Furthermore, the refrac production did not decline as quickly as the initial production. Eight months after peak production, the refrac production rate declined 43 percent, while the initial production rate decreased by 47 percent. After 12 months, the refrac production had declined by 52 percent and the initial production had declined by 45 percent, showing that the refrac production was falling off at a higher rate. This comparison is based on the full set of 45 refracs as each refrac reported at least 12 months of production and 49 percent of these refracs reported at least 20 months of production, allowing for a full comparison.
Though Conoco does not have as many refracs meeting the above criteria, with only five horizontal refracs during this timeframe, the company successfully increased production after pumping almost 250 percent more proppant than its initial completions. The original completion in each of these five wells produced for almost 6 years (70 months) before the refrac occurred. All five wells were refracked between 70 and 77 months of production, and each of these wells reported at least 17 months of production after being refracked.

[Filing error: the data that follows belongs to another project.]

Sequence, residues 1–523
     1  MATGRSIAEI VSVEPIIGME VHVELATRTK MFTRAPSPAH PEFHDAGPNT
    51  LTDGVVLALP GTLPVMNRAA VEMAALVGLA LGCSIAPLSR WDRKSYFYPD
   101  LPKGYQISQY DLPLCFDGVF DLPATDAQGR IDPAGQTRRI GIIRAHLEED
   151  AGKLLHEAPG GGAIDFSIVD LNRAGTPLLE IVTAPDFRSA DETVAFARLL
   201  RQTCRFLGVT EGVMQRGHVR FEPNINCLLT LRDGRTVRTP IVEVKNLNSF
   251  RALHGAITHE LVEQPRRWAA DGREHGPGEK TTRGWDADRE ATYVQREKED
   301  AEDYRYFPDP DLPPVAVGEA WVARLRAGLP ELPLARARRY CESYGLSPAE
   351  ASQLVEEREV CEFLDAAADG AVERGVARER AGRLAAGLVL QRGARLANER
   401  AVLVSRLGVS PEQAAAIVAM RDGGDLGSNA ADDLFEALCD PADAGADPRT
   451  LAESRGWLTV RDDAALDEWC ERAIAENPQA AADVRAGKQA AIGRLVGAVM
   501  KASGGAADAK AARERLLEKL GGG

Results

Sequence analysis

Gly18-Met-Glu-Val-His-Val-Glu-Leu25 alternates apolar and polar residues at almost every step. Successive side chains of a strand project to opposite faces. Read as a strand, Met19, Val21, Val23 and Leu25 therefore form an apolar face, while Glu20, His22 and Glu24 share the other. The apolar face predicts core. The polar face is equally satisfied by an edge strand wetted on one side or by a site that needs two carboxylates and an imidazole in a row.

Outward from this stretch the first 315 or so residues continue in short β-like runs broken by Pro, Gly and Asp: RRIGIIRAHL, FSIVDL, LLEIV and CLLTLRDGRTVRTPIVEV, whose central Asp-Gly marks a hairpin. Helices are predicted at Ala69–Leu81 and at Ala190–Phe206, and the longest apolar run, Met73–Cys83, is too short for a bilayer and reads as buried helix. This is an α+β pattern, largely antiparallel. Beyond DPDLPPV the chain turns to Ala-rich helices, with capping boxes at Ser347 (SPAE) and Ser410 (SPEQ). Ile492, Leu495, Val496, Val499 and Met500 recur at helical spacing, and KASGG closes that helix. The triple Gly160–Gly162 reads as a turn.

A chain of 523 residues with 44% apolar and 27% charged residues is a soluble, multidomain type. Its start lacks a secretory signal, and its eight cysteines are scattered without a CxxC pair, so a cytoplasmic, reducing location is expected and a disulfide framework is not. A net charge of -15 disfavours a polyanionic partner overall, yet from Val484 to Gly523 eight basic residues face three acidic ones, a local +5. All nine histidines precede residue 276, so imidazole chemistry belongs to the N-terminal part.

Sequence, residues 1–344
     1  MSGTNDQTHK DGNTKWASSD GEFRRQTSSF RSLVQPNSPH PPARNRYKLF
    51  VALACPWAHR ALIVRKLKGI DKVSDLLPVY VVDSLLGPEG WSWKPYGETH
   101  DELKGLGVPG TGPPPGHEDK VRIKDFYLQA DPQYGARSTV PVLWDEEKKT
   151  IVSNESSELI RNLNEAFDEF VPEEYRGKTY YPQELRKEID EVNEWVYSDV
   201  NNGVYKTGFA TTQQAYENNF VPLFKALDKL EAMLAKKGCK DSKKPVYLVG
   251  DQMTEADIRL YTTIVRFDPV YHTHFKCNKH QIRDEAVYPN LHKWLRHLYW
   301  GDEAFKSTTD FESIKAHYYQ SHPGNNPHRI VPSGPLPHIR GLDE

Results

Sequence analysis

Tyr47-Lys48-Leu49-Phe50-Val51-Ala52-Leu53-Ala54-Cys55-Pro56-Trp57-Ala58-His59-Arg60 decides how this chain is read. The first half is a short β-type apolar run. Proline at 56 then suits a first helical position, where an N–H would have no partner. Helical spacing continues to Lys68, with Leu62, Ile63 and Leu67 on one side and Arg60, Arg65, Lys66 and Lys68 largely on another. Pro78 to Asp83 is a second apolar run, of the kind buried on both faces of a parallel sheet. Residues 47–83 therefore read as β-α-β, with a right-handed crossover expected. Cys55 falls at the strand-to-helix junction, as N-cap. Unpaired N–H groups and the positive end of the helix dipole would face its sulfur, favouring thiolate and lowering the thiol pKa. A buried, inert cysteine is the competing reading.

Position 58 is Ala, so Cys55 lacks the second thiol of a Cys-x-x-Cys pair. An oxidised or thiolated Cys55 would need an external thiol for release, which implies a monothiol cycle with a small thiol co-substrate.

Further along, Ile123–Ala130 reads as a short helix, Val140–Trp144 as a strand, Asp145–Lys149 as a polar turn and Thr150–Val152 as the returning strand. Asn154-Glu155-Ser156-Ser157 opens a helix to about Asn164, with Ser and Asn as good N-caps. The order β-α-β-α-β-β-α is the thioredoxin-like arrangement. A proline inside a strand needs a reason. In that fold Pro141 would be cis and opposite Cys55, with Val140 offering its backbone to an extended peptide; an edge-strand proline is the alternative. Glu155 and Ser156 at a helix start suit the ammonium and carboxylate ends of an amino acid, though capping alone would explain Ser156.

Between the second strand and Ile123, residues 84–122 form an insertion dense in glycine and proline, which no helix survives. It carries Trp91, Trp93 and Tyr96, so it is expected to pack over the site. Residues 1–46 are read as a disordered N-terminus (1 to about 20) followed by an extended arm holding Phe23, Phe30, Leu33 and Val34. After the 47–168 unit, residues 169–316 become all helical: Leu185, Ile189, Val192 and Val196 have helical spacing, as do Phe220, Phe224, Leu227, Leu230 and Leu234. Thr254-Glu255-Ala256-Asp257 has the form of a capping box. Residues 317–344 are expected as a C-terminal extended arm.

Within the small population of refracs, Conoco was able to increase peak month production for its refracs by 208 percent over its initial production rates. Another benefit of Conoco’s refracs was the slower production decline experienced by refracked wells compared with the initial fracs. The refrac production declined 52 percent from peak after eight months and 63 percent from peak after 12 months, while the initial production declined 68 percent after eight months and 77 percent after 12 months.
Lastly, Whiting has refracked three wells, meeting the above criteria. Contrary to the previous operators, Whiting did not increase the amount of proppant from the initial frac to the refrac as significantly. Though its initial completions used around 1.6 million pounds of proppant per completion (more than Marathon or Conoco), Whiting’s refracs used less than 1.8 million pounds of proppant, an 11 percent increase over the initial fracs (using an average of 35 percent less proppant per refrac compared with Marathon and Conoco).
Whiting began refracking its wells after three years (35 months) of production from the initial frac, and within four years all three of its wells had been refracked. Each refrac well has reported at least 21 months of production. Overall, among its three refracs, Whiting did not experience as much success in increasing production as Marathon and Conoco, but it did experience an increase in production immediately before and after the refrac occurred.
Comparing month 35 of initial production to month 4 of refrac production, Whiting was able to increase its production by 84 percent; however, it did not improve peak month production. In fact, the refrac’s peak month production was 64 percent lower than the peak month of the initial frac.